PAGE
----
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Ernest Quinnell

35 Ernest Quinnell.jpg

Ernest Quinnell

Ernest Leslie ‘Ernie’ Quinnell was born in Armidale NSW, in 1897. He was educated at the Darlington Deaf School from 1905 to 1910.

His involvement with the Deaf Community included serving as a member of the Council/Board of the Deaf Society from 1928 to 1940, but he was the chairman, Hon. Secretary or on the committee for almost every deaf activity at that time.

When the NSW Association of Deaf and Dumb Citizens was formed in 1929, he was also a prominent member of the Council and served as a joint editor with Fletcher Booth of the ‘Deaf Advocate’, a monthly journal for the deaf.  In 1953, he was the first Hon. Secretary of the Deaf General Committee when it was reformed and eventually became its chairman, a position in which he continued for many years. He served as a Council member of the Deaf Society from the mid 1920s to 1940s except during the split. He also played an important part in reforming the Men’s Club as well as remaining active in promoting anything that benefited the Deaf Community.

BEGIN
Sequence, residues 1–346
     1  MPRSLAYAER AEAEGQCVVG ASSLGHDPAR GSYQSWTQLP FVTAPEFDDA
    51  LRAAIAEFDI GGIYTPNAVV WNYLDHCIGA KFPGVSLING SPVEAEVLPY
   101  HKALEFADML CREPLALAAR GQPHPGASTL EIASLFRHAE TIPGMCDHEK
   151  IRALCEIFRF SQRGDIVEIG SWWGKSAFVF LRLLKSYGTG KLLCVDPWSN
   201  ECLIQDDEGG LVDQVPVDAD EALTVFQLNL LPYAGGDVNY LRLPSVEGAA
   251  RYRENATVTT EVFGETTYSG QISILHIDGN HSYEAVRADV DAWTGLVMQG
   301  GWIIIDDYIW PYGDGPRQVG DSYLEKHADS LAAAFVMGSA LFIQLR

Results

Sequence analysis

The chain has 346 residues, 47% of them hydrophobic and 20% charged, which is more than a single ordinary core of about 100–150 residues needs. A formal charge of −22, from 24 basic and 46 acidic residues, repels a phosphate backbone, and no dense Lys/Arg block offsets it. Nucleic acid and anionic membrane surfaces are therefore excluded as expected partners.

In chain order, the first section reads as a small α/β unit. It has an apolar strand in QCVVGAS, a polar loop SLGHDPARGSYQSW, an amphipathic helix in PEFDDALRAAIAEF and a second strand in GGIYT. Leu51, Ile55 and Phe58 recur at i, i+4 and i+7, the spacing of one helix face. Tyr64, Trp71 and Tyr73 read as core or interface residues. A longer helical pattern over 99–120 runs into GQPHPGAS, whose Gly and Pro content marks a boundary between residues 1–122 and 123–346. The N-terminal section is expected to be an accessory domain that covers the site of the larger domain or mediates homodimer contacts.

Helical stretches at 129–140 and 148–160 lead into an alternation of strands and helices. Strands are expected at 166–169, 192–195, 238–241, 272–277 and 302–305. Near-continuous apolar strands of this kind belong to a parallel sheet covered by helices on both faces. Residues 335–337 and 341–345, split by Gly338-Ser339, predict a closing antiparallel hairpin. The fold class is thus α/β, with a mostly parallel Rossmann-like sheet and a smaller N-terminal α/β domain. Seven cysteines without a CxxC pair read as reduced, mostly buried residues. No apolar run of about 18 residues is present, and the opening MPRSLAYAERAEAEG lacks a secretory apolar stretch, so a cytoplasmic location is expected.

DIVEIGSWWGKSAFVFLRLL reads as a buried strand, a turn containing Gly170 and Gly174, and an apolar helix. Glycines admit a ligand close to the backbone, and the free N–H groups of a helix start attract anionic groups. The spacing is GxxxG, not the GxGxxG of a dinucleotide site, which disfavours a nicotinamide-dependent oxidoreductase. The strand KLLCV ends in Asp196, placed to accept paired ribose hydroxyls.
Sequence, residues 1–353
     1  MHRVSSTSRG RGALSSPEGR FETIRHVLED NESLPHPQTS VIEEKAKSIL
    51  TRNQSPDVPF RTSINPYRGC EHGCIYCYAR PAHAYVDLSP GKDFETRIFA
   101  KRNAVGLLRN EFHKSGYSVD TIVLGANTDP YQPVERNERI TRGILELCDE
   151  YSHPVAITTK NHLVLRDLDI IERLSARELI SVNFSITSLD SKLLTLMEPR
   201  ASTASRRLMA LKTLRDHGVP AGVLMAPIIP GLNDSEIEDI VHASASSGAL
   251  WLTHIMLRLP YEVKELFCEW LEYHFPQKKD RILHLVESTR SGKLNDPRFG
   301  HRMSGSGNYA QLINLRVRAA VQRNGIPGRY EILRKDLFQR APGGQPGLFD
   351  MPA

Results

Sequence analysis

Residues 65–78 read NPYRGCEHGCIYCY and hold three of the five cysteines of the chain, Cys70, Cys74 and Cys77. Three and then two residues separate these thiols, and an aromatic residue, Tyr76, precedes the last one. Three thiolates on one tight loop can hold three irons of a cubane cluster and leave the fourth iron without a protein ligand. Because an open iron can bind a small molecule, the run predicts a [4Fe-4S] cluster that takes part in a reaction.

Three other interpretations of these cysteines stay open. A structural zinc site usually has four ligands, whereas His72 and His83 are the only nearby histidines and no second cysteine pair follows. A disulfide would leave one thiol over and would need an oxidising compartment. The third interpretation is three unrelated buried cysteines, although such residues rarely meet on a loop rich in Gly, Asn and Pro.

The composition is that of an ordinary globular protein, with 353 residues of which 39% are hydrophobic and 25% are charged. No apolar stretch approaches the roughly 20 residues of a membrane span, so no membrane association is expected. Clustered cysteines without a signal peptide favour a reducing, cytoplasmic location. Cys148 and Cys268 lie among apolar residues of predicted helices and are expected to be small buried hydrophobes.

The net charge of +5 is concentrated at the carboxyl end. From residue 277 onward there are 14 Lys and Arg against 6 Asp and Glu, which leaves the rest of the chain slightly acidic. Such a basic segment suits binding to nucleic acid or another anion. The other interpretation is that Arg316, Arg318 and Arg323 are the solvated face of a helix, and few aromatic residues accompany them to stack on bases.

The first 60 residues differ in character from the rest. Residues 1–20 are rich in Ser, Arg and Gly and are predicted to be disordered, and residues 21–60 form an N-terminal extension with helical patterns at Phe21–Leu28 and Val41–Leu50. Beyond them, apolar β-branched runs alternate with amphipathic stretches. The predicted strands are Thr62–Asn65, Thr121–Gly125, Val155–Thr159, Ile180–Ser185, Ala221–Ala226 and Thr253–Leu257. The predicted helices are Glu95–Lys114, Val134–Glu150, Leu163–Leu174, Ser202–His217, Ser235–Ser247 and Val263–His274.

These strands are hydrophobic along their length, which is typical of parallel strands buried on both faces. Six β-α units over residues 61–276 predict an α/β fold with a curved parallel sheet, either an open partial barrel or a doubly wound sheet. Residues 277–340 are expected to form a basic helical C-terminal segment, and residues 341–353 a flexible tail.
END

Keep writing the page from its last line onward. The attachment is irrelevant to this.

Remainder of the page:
In addition to his contributions to the Deaf Community, he was also involved with Deaf Sports. He served as a secretary for both Deaf Men’s Club and Deaf Cricket Club during the 1920s. 

In his later years, his interest in Deaf Sports was more focused on Lawn Bowls. He was a foundation member of the Deaf Men’s Bowling Club that was formed in 1956 and served as their first President for ten years and a member of the committee for 23 years. The Bowlers made him a life member in 1961 and he became the Club’s first patron. The E L Quinnell Shield for the competition between State Teams commemorates has been named in honour of Ernest.

He worked for some 50 years as a collector for the NSW Association for Deaf and Dumb Citizens, then the Royal Institution for Deaf and Blind Children, and finally the Deaf Society till he retired. 

Ernest Quinnell married Alma Josephine Brasington, who was also deaf and had seven children together, two of which were deaf Elizabeth (Betty) and Marie Rose. At the time of his death he had four grandchildren, Cordelia (Della Bampton), Tania Holton (deaf: nee Vaughan, Shayne Batten (deaf: nee Vaughan) and Ernest Vaughan and one great grandchild Danielle Lesley Bampton. Ernest passed away in 1979 at the age of 81. The Silent Messenger described him as a gentleman in every sense of the word –'a leader in the deaf community for over 60 years – a man loved, respected and admired for the tremendous work he did during his lifetime'.

 

Sources

Personal information from Della Bampton

Silent Messenger July 1979 DBR 308